I have no cohesive train of thought this morning – the truth is, the Overwhelm strategy of the Bannon White House is dangerously close to sweeping me up in its grasp. And the idea of forming a cohesive set of reflections on this hymn seems a bridge too far for me today. I mean, I couldn’t even sing all three verses at once this morning, thanks to the weltschmerz I’m experiencing. So…random thoughts:
I’m not a fan of this tune for this sentiment – it feels too cheery, and to be honest, too associated with Here We Have Gathered (360). This hymn needs something strong and intentional – the way yesterday’s tune was strong. It’s an awkward meter – 10.10.10.10.10 – so it’s not like a ton of tunes fit that. So I long for something different.
True fact: every time I look at this hymn, even in passing, I think of the song from the musical Godspell. While it plays with genre and the idea of temptation within its staging, it also has some strength our setting lacks.
Another thought: I love the first verse, and I love the second – especially in these days. And in these days, I would use the first two and then preach on it. I don’t like that this hymn wraps up the story so quickly. Sometimes we need songs that present the issue and don’t conclude anything – or else, what the heck is a sermon for? For me, I’m not dismissing it because of the God’s will like, I’m dismissing it because we set up that we’re terrible, people suck, but oh yay, it’ll all work out by the end of the song, without us actually having to do anything.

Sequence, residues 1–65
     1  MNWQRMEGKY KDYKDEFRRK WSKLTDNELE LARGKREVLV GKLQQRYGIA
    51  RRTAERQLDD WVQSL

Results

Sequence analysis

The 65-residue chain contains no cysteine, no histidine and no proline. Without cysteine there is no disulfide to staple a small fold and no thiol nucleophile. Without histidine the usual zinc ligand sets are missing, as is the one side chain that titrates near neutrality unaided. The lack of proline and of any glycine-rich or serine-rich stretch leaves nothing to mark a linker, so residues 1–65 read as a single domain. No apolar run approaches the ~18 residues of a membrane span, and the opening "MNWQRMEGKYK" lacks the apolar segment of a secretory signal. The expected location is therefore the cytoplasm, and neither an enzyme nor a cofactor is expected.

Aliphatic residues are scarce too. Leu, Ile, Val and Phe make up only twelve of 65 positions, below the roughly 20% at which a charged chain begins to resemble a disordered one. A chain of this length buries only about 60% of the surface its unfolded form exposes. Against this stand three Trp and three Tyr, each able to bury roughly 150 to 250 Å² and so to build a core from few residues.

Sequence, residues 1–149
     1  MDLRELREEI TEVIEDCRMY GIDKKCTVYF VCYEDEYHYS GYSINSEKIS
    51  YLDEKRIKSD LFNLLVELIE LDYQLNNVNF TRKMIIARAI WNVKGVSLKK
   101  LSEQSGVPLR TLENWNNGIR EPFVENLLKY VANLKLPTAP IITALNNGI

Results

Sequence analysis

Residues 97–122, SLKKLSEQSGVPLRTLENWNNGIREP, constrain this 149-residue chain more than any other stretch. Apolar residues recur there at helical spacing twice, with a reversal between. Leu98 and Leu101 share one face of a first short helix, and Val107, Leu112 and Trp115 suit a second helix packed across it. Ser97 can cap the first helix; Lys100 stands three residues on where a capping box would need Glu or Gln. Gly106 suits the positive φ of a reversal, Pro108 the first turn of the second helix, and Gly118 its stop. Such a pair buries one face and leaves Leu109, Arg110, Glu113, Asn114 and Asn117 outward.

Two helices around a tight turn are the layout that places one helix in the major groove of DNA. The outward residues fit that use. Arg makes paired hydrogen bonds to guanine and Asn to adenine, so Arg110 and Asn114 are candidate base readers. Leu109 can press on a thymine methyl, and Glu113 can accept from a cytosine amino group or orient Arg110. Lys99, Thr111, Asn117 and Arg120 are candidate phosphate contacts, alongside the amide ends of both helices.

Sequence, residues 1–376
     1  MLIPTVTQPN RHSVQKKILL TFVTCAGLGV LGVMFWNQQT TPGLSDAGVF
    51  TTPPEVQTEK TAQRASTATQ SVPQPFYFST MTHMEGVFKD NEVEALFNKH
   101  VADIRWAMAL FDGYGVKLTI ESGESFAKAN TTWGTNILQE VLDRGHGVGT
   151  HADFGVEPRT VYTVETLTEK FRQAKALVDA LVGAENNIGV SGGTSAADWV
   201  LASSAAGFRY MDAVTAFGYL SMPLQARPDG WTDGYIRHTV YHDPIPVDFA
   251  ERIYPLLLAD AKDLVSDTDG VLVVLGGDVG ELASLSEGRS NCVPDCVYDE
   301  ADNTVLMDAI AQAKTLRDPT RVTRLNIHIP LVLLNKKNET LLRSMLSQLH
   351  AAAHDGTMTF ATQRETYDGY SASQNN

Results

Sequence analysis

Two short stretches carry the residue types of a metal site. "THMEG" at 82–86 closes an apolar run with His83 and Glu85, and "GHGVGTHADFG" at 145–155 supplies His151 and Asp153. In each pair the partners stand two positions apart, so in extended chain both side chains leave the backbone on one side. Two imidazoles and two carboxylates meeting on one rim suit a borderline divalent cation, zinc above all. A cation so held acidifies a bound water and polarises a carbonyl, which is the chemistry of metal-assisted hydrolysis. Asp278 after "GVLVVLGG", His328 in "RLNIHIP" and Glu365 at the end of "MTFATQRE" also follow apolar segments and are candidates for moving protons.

I might be a bit cynical this morning.
Turn back, turn back, forswear thy foolish ways.
Old now is earth, and none may count its days;
yet humankind, whose head is crowned with flame,
still will not hear the inner God proclaim —
”Turn back, turn back, forswear thy foolish ways.”
Earth might be fair, its people glad and wise.
Age after age our tragic empires rise,
built while we dream, and in that dreaming weep:
would we but wake from out our haunted sleep,
earth might be fair, and people glad and wise.
Earth shall be fair, and all its people one;
nor till that hour shall God’s whole will be done.
Now, even now, once more from earth to sky,
peals forth in joy that old undaunted cry —
”Earth shall be fair, and all its people one.”
Interesting note: this hymn is based on a passage from Ezekiel (33:6-16) – a prophet whose words seem awfully prescient in these days. My friend, the Reverend Dawn Fortune, preached on it this past week – a sermon as fiery as Ezekiel’s wheel. It’s worth a listen.